However, if the supplier chose to repair it and takes an unreasonable amount of time, the consumer can approach someone else and ask the seller to pay reasonable costs. Rejecting the goods and asking for a full refund or compensation is an option too.

For services, a full refund is not immediate. The supplier must first be allowed to rectify the problem.

MAJOR PROBLEMS

For goods, if the problem is Major and unfixable. The consumer can either:

  • Return the good and ask for a full refund or compensation or
  • Maintain possession of the good and ask for a requital for its reduced value.

For services, if the problem is Major and unfixable. The consumer can:

  • Terminate the contract for services and get a full refund or
  • Request compensation for the difference between the value of the services provided compared to the price paid.

WHAT CONSTITUTES A MAJOR FAILURE?

A consequential failure in good and service when it:

  • has a hidden problem that would otherwise prevent the sale.
  • has unmatching description and demonstration.
  • is unfit to fulfill its purpose and cannot be made fit in a sufficient amount of time.
  • has multiple minor problems that would otherwise prevent the sale.
  • doesn’t do what the consumer asked for and can’t be fixed in a reasonable amount of time.
  • is unsafe.

Gift and voucher recipients are entitled to the same rights.

Sellers cannot refuse to provide a remedy even if the goods do not come with their original packaging.

Refusal to deal with the consumer and redirecting them to the manufacturer is also not allowed.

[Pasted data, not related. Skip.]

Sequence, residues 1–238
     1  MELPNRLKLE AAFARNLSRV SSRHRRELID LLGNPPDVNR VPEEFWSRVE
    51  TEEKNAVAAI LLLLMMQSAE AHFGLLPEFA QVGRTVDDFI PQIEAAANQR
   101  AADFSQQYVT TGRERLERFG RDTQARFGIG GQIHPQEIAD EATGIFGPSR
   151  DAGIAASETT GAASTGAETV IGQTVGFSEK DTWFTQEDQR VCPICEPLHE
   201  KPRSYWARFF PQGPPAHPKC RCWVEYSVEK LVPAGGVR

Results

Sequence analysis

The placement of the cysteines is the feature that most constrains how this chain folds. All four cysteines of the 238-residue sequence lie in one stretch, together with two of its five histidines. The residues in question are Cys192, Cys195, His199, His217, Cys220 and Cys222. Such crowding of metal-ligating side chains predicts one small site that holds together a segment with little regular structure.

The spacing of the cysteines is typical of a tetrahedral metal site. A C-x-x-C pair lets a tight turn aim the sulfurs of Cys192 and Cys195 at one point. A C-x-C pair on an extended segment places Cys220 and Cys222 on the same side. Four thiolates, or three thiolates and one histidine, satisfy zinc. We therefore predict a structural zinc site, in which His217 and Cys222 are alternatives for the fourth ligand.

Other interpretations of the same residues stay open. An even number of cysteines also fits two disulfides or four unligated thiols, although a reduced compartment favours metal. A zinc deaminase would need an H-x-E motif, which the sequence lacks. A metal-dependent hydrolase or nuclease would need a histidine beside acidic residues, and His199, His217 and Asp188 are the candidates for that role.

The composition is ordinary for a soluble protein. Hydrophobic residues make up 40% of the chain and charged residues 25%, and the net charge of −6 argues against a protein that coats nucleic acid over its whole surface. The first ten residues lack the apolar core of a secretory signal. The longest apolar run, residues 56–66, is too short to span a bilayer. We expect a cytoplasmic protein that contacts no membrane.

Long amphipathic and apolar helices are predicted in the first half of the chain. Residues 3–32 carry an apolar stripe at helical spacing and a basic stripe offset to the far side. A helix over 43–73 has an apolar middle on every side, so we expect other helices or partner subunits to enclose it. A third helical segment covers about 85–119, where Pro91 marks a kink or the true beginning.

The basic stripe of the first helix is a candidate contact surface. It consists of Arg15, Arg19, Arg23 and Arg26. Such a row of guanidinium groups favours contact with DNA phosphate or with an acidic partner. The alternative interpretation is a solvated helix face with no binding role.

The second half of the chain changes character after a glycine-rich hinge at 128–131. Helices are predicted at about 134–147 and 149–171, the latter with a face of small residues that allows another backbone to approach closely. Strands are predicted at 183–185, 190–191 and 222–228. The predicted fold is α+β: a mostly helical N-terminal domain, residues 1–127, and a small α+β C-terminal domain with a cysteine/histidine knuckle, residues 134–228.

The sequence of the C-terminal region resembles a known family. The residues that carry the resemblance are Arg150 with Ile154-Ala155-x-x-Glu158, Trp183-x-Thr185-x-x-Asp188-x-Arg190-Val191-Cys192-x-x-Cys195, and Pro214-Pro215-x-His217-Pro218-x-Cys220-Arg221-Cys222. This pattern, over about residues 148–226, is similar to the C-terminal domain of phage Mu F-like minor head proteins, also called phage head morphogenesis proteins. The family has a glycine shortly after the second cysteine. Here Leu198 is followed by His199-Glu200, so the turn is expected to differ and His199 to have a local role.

However, consumers are entitled to go to the manufacturer’s remedy if the goods are bought to them directly.

EXCEPTIONS TO THE CONSUMER GUARANTEES

You cannot rely on “buyers’ remorse” or simply changing your mind because you found the product is cheaper somewhere else.

ADDITIONAL INFORMATION

Customers can also seek compensation for the losses and damages resulting from failure to fulfill a guarantee by the supplier or manufacturer.

In the event of a manufacturing defect, the manufacturer must reimburse the seller. The reimbursement amount can include any compensation paid to the consumer for reasonably foreseeable consequential losses.

Signs that state ‘no refund’ is unlawful. It includes ‘no refund on sale items’ and ‘Exchange or credit note only for the return of sale items.

A business is always legally obliged to comply with a remedy if a consumer complained about a purchased good or service.

Key takeaways:

  • The ACL protects consumers from unfair or unlawful trading practices.
  • Guarantee fulfillment is mandatory for all businesses and manufacturers.
  • Every consumer is entitled to a remedy if the seller or manufacturer fails to fulfill one or more guarantees.
  • Consumer guarantee applies regardless of the warranty period.

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Bianca “Bianx” Ysabel, Digital Administrator

Contact W3IP Law on 1300 776 614 or 0451 951 528 for more information about any of our services or get in touch at law@w3iplaw.com.

Disclaimer. The material in this post represents general information only and should not be taken to be legal advice.